A sumptuous dinner in a Masakan Padang restaurant

Tuesday, October 15, 2013

And Then There Was Yogyakarta

"Why have I not been here before?" I asked myself a few days into traveling through Yogyakarta, an independent city in Central Java, Indonesia. It has everything I love in travel destination: a strong culture, a rich history, and good food.

I guess there are just those places, those places that pleasantly surprise you. Yogyakarta was one of those places for me.

Kraton, Yogyakarta, Indonesia
Yogyakarta, cultural heartland of the Javanese

Friday, October 11, 2013

Foodie Friday: The Humble Nasi Goreng (Fried Rice)

(We all know I love to eat, so you know I am not kidding around when talking about food. On Fridays, let me torture myself and anyone who might stumble upon this travel blog with a photo of a delicious food I had in my travels. This includes food I made myself. Yes, I cook. This week, Foodie Friday features the humble Nasi Goreng or fried rice.)

Nasi Goreng, Yogyakarta, Indonesia
It is good, simple, and filling: the humble nasi goreng (fried rice).

Friday, October 4, 2013

Capture the Color 2013: The Bright Colors of Asia

Once again, I am joining in on the fun at this year's Capture the Color Photoblogging Competition organized by Travel Supermarket. I normally shy away from photography competitions because most involve popularity contests (likes, retweets, etc.) or a long list of requirements. This one does not involve either.

The instructions are simple. In your travel blog, post five travel photos which capture the colors blue, red, green, white, and yellow. Nominate five other travel bloggers. Submit your entry. That is it! Five esteemed judges, whose work I already admire, will then choose five category winners (one color, one category) and one overall winner after the competition period ends.

Collage for Capture the Color 2013
Capturing the bright colors of Asia

Friday, September 27, 2013

Foodie Friday: Chai Masala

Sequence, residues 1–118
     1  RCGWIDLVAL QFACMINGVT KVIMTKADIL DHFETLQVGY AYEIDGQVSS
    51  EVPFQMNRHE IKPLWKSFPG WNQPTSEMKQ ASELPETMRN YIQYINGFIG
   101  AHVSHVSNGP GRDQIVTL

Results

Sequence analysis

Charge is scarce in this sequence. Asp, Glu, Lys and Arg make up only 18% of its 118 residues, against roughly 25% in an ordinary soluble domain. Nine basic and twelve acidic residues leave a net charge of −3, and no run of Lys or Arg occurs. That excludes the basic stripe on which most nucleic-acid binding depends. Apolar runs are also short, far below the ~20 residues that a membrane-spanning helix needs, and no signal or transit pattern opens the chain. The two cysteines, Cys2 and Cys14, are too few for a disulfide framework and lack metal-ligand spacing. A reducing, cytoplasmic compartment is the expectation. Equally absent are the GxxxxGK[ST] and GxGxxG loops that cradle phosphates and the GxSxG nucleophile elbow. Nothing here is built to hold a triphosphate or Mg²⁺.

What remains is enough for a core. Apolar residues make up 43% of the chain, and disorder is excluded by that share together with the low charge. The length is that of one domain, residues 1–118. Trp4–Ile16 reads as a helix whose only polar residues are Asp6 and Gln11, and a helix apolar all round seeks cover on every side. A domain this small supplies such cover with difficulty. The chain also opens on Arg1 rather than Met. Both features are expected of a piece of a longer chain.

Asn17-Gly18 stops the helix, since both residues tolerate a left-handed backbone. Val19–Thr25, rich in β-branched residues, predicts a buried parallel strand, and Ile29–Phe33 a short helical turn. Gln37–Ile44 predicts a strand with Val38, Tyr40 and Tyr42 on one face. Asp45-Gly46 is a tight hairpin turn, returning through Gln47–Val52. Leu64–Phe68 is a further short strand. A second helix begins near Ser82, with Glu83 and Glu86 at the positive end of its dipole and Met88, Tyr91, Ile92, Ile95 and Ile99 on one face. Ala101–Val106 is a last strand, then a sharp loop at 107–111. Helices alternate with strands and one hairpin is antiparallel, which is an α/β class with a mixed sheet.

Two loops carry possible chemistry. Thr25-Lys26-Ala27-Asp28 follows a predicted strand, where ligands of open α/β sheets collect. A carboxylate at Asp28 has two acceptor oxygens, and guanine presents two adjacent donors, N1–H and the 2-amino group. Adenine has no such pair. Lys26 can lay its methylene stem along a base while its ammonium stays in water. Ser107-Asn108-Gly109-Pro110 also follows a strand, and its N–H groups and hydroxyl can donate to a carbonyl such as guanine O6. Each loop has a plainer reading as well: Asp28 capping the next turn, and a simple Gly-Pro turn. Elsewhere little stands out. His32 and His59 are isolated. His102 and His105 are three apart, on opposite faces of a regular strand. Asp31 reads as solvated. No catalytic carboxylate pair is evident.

(We all know I love to eat, so you know I am not kidding around when talking about food. On Fridays, let me torture myself and anyone who might stumble upon this travel blog with a photo of a delicious food I had in my travels. This includes food I made myself. Yes, I cook. This week, Foodie Friday features an Indian drink I and many other travelers like me have grown to love: Chai Masala.)

Chai Masala, Penang, Malaysia
At last, we meet again, chai masala.

Friday, September 20, 2013

A Photographers' Trek to the Eerie Crater Lake of Kawah Putih

A fallen tree trunk was strewn across the uphill trail, blocking the way from just below my chest down. Thick leafy shrubs lined both sides of the path fit for only one person. I climbed a mound of soil on one side of the trail and straddled the obstacle one leg at a time in order to get through.

It was about six when we started trekking through this mossy forest. The morning dew in these mountains left the leaves wet, the trees damp, and the trail slippery. On any given trip, I would be more than glad to go on nature walks like this. This time, however, I was unprepared. Having to work until the wee hours the previous night and leaving for the mountains very early that morning meant I only had about an hour of sleep. Not knowing some trekking would be involved that day, I wore jeans and walking shoes with traction so little you could easily glide through the ground with it.

As soon as I arrived at the forest clearing on top of the hill, however, it all paid off. Below us laid an eerie-looking, constantly steaming lake gleaming in an opaque teal color—Kawah Putih.

Kawah Putih, Bandung, West Java, Indonesia
The eerie-looking, constantly steaming lake of Kawah Putih.

Monday, September 16, 2013

Getting Lost in Bandung: Not the Best Welcome in the Paris of Java

While looking at maps, it seems it is always those places which I have absolutely no clue about that intrigue me the most. What the place looks like on the ground, who lives there and what their history and culture are like, what food they eat, and what climate they have are just some of the things that run through my head.

That was what Bandung, capital of West Java, Indonesia, had come to be for me. I saw this city, attractively nicknamed "the Paris of Java," as a proper pit stop in my west to east jaunt of Java Island.

Bandung Shopping
Nicknamed "the Paris of Java," Bandung is Java's busy bargain shopping capital.
By Phalinn Ooi | CC BY 2.0

From the chaotic Indonesian capital Jakarta, I boarded a train one cool, foggy morning at Gambir railway station. Bandung was a comfortable, three-hour ride away. The train snaked through wide expanses of lush hills at times dotted by terraced crop plantations. After having been in Jakarta for a few days, I was only glad to be surrounded by nature again. Things were looking up.